by Rick Phillips, leader of our 2020 Toronto Pursuits seminar on Beethoven
The major anniversaries of the births and deaths of great composers are always lauded and celebrated. They give us a chance to honour and re-evaluate the roles these figures play in our modern world. Remember 1985 and the 300th anniversary celebrations of the birth of J.S. Bach? Then, it was market overkill in 1991 for the 200th anniversary of the death of Mozart. For the year 2000, we returned to Bach for the 250th anniversary of his death, followed quickly by 2006 and the 250th of Mozart’s birth.
When it comes to Beethoven (1770–1827), his 200th birthday in 1970 was suitably lauded, with much less fanfare in 1977 for the 150th anniversary of his death. But for 2020, Beethoven’s 250th birthday, expect a multitude of concerts, recordings, books, articles, lectures, panel discussions—and a Classical Pursuits seminar: The Beethoven Symphonies: Aging or Ageless?
Today, the nine symphonies by Beethoven are well-known and often heard. As well as in concert halls, we hear snippets of them in radio and television ads, computer games, doctors’ offices and shopping malls. Pop musicians often borrow or sample themes, updating the rhythms and energy to better conform to contemporary tastes and markets.
But why? What is it about Beethoven and his symphonies that has created this lasting legacy? After all, he composed only nine, where between them, the earlier composers Haydn and Mozart created almost 150 symphonies!
The symphony emerged as the large-scale orchestral form we recognize today in the first half of the 18th century, as the dying embers of the Baroque period gave way to the Classical period. But it was largely created and intended as a form of entertainment for the upper classes.
By the end of the 18th century, with the huge social and political changes that came out of the French Revolution, (not to mention the technological innovations of the Industrial Revolution) composers began to turn their sites to target the burgeoning middle class. The symphony now moved from aristocratic entertainment to a true art form that presented or reflected the concepts and ideals of a large segment of the population. Timing is everything, as they say, and Beethoven, as a son of the French Revolution, was perfectly suited to carry the mantel.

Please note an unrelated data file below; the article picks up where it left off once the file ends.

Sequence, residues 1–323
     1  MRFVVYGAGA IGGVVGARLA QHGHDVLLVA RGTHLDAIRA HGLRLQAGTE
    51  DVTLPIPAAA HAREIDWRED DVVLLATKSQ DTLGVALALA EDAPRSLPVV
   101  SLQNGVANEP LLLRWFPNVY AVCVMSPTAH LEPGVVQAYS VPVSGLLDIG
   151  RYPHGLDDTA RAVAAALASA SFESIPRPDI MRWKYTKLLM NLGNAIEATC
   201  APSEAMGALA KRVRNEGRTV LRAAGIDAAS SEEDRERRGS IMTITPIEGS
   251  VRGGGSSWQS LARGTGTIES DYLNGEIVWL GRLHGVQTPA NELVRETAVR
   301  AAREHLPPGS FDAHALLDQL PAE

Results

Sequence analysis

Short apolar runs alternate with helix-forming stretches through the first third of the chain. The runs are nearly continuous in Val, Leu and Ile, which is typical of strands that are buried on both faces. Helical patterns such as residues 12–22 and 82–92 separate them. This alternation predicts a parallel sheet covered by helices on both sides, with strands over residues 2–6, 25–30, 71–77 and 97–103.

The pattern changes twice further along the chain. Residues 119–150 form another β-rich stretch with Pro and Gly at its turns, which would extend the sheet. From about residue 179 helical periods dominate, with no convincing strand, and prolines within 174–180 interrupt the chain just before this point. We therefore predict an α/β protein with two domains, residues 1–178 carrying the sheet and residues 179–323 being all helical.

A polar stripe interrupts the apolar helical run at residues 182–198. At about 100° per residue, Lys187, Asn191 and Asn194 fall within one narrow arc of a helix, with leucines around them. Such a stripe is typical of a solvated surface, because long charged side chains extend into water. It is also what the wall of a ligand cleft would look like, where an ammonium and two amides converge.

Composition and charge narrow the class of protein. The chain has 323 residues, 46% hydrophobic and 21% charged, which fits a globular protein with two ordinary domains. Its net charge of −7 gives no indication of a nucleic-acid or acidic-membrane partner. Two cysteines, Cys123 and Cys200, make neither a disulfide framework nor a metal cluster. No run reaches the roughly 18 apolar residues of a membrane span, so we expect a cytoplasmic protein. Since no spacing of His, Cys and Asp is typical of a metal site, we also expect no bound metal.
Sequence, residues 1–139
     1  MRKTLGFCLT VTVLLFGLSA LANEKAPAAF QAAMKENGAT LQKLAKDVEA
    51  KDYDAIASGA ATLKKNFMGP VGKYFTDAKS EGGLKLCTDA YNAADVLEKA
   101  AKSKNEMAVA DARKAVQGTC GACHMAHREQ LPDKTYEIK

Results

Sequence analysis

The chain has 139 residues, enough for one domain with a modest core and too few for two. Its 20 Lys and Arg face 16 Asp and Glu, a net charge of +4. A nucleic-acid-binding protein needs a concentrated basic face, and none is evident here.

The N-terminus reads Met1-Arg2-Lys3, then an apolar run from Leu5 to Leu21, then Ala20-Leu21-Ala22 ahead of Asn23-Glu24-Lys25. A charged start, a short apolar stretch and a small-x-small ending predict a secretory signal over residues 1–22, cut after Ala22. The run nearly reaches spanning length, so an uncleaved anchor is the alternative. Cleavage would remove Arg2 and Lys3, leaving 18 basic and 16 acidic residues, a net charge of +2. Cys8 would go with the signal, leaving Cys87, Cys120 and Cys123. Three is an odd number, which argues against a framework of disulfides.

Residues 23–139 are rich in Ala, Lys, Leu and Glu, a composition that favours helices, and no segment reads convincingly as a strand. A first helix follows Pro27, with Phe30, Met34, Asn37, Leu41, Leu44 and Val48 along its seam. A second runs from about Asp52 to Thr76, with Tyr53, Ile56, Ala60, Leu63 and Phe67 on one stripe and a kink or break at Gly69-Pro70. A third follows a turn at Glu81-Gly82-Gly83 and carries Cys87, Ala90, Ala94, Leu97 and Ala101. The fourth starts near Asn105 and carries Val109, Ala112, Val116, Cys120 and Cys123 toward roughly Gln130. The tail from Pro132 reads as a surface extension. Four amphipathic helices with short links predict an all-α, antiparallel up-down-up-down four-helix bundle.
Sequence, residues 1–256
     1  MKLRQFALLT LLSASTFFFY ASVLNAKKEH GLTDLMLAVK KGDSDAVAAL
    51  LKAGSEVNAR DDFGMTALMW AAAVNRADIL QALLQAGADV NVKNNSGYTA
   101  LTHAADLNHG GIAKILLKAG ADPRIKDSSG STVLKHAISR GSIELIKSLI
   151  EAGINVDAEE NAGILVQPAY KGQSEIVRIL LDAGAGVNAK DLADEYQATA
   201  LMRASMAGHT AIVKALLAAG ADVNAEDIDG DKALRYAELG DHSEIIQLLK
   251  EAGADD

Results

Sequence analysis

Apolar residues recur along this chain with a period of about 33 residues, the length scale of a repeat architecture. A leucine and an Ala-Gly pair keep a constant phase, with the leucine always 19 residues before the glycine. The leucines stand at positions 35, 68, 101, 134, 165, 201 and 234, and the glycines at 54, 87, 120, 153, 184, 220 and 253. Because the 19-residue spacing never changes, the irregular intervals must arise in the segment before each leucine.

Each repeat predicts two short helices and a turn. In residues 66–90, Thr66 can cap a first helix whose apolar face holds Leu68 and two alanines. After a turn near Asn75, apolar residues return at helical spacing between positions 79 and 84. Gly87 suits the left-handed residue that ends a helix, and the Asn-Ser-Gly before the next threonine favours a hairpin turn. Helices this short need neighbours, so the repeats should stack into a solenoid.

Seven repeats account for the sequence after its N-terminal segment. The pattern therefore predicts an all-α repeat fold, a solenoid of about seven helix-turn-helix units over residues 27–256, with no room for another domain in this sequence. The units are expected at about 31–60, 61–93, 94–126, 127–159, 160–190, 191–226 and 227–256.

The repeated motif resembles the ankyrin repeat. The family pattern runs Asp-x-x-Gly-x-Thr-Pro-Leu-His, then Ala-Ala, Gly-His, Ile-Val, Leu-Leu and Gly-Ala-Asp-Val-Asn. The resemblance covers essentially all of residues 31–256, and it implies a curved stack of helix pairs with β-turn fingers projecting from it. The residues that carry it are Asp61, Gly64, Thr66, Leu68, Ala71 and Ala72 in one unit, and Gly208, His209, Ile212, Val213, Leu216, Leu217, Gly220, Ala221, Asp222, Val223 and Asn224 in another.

Although his first two symphonies were composed with Haydn and Mozart as models, already the unique and original stamp of Beethoven was present. In the symphonies Nos. 3-8, he continued to experiment with the forms, structure, instrumentation, size, scope and message of the symphony, culminating in the Symphony No. 9 that includes a text, vocal soloists and a full chorus in the finale, extolling the ideals of freedom, joy and human fulfillment on earth.
The effect of the Beethoven symphonies on the course of music is incalculable. There was not a composer of symphonies after him who was not influenced. Johannes Brahms (1833–1897), viewed as the heir to the Beethoven throne, postponed his first symphony until he was well into his forties, terrified of the comparisons to Beethoven’s that would naturally be made. When Brahms finally mustered the courage, made the plunge and released his Symphony No. 1, it was cruelly labelled “Beethoven’s Tenth.” Today, the Beethoven “nine” are revered as a kind of special heritage of Western and world culture, right up there with the plays of Shakespeare and the sculpture of Michelangelo. And they continue to influence symphonic composers now, in the second decade of the 21st century, over 200 years later. Why?
In my 2020 Toronto Pursuits seminar The Beethoven Symphonies: Aging or Ageless? we will search for reasons for the lasting legacy of the Beethoven symphonies. What have they conveyed to us over the past two centuries, and why and how do they remain important today? We’ll listen to the Beethoven “nine” from classic recordings by a variety of orchestras and conductors, discussing and searching for answers. As classical music seems to be diminishing in our hectic lives today, will the Beethoven symphonic legacy continue with future generations? I hope you’ll join me in Toronto in July 2020 for what promises to be a fascinating week of great music and discovery.
“Symphonies are the best representation of my true self. I always seem to hear within me the sounds of a great orchestra.”